Government to amend Producer Offset, ‘Home and Away’ now eligible

From left are James Stewart, Ada Nicodemou, Arts Minister Tony Burke, Angelina Thomson, Ray Meagher and Georgie Parker.

The Federal Government has announced it will alter the threshold for the TV Producer Offset, meaning serials like Home and Away will now be able to qualify for the 30 per cent rebate.

As part of the amendment, a drama series that spends at least $35 million per season in qualifying Australian production expenditure (QAPE) will be eligible. Presently a drama series must spend at least $500,000 per hour in QAPE to receive the offset.

The new per season threshold will apply to drama series that commence filming on or after 1 July 2024.

According to Screen Australia’s latest drama report, the average cost per hour for series/serials in 2022/23 was $500,000, up from $300,000 in previous three reporting periods to reach a five-year average of $400,000.

Arts Minister Tony Burke said the changes would help industry professionals secure ongoing work and promote “telling uniquely Australian stories”.

“We want to see more Australian stories shown on screen,” he said.

“Backing in Australian drama is essential to that. This change will help to support more iconic Australian stories being told and shared by the people who know them best.”

In welcoming the news, Seven has announced the establishment of a new internship program for Home and Away, while revealing plans to film the series in more locations, including regional Australia.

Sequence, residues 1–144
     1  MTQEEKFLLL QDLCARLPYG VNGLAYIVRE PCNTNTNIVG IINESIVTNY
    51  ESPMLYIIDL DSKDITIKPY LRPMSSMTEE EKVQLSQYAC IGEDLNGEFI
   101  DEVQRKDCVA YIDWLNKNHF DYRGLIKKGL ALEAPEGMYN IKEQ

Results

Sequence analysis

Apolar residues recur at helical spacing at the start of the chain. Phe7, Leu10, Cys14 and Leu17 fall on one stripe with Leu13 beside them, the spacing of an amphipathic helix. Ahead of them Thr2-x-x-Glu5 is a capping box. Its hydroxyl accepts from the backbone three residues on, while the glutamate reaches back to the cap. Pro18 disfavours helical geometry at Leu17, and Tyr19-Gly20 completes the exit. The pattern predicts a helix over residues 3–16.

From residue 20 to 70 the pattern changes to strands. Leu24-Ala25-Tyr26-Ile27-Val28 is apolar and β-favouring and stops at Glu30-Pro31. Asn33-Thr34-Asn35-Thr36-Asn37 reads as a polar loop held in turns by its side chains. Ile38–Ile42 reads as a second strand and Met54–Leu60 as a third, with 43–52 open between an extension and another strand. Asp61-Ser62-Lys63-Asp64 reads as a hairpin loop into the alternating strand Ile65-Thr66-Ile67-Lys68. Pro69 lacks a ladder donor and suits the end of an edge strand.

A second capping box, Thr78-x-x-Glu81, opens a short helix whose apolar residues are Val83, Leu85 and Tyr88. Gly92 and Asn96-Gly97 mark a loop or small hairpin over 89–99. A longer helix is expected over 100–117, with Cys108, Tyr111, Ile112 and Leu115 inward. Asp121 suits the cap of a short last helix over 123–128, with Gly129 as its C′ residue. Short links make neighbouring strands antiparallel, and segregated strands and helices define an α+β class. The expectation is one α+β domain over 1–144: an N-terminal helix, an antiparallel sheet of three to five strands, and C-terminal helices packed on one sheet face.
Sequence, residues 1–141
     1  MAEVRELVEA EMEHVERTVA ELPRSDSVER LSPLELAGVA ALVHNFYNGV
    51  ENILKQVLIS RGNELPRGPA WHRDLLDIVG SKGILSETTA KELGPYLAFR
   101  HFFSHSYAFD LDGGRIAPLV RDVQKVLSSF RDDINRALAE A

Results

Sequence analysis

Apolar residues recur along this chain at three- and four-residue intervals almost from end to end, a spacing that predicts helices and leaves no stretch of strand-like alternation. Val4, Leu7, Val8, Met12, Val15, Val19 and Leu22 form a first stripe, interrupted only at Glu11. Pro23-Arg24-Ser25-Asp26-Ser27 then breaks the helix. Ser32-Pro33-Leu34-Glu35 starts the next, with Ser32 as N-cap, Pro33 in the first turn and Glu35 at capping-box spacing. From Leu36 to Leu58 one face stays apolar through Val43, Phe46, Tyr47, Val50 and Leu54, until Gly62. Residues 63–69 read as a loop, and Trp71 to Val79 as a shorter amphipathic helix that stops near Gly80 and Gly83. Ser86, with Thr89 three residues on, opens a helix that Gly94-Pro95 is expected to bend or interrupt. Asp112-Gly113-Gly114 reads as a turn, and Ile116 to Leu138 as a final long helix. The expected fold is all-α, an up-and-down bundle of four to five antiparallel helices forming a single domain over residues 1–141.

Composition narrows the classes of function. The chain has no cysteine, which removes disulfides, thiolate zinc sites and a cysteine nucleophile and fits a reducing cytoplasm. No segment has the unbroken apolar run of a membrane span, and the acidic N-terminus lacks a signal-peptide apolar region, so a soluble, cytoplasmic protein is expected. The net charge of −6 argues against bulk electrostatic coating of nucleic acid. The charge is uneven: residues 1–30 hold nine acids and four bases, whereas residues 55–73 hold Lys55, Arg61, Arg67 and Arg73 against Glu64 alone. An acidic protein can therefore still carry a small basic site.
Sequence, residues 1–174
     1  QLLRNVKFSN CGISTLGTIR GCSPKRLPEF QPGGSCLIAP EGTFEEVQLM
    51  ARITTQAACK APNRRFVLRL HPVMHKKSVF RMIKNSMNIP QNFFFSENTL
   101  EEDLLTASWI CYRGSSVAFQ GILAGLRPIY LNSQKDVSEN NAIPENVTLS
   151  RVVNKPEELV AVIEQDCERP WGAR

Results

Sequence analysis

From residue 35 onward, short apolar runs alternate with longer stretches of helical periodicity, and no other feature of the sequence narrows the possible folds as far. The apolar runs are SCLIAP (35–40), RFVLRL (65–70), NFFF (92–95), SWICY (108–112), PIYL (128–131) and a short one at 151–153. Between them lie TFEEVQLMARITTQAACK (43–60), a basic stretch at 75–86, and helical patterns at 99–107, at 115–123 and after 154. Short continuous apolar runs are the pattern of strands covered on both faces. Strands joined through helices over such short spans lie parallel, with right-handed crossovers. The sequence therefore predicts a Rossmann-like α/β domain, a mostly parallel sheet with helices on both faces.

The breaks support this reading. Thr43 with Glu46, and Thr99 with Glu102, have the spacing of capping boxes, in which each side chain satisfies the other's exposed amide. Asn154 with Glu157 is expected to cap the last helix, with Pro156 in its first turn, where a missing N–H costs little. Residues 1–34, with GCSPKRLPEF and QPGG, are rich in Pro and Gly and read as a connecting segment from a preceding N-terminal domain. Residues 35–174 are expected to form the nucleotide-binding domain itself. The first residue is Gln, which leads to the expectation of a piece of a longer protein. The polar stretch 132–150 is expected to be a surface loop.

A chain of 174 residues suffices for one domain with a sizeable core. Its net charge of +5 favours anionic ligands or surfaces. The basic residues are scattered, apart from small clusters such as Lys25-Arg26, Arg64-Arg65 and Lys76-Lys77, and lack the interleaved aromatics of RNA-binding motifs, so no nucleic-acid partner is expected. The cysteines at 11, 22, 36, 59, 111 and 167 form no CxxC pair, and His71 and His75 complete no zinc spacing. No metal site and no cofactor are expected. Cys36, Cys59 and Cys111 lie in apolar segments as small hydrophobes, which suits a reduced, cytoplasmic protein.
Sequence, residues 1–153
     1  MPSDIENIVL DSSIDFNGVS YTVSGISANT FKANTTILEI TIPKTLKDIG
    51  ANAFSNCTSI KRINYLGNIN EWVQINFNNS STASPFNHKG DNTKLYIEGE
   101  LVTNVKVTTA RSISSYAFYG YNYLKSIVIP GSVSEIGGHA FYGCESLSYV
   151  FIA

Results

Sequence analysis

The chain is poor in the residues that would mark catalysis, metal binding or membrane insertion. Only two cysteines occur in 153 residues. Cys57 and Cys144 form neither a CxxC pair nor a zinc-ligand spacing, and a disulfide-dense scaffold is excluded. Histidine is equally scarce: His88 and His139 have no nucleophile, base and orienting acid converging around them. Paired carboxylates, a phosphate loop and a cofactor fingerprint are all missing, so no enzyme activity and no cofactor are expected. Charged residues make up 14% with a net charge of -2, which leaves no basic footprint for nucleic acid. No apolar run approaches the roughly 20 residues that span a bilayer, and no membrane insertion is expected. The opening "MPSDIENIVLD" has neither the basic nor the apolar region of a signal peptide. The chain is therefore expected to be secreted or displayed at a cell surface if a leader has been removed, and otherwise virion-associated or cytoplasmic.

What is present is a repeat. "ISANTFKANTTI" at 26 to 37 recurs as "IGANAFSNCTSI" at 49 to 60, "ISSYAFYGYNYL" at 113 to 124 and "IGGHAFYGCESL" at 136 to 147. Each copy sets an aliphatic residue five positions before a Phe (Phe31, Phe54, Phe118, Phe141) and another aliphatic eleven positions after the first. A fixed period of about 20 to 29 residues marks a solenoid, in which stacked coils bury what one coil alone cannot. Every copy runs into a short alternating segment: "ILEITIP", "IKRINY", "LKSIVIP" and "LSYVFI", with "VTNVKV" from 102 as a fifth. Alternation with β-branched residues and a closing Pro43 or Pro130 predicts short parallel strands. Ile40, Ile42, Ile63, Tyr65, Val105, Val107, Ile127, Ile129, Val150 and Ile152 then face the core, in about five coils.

The internship program will cover the production departments of the series, which heads into its 37th season next year.

Seven West Media managing director and CEO James Warburton commended Arts Minister Tony Burke for recognising the “vital role” Home and Away plays in the Australian television sector.

Home and Away is a remarkable show and has been an integral part of many Australians’ lives for almost four decades,” he said.

“Access to the Producer Offset will enable us to increase Home and Away’s domestic and international appeal, ensure it remains competitive as an Australian drama, and reinforce the significant contribution it makes to the Australian TV industry and Australian culture.”

Seven chief content officer for entertainment programming Angus Ross said the network would seek to strengthen Home and Away‘s future on the back of the tax change.

“Our new investment in Home and Away, made possible by the government’s decision will enable it to tell even more great Australian stories and create a new pathway for people who want to be part of that sector,” he said.

“More location filming will help ensure Home and Away maintains its globally acclaimed production values and will create new work for the Australian production sector.”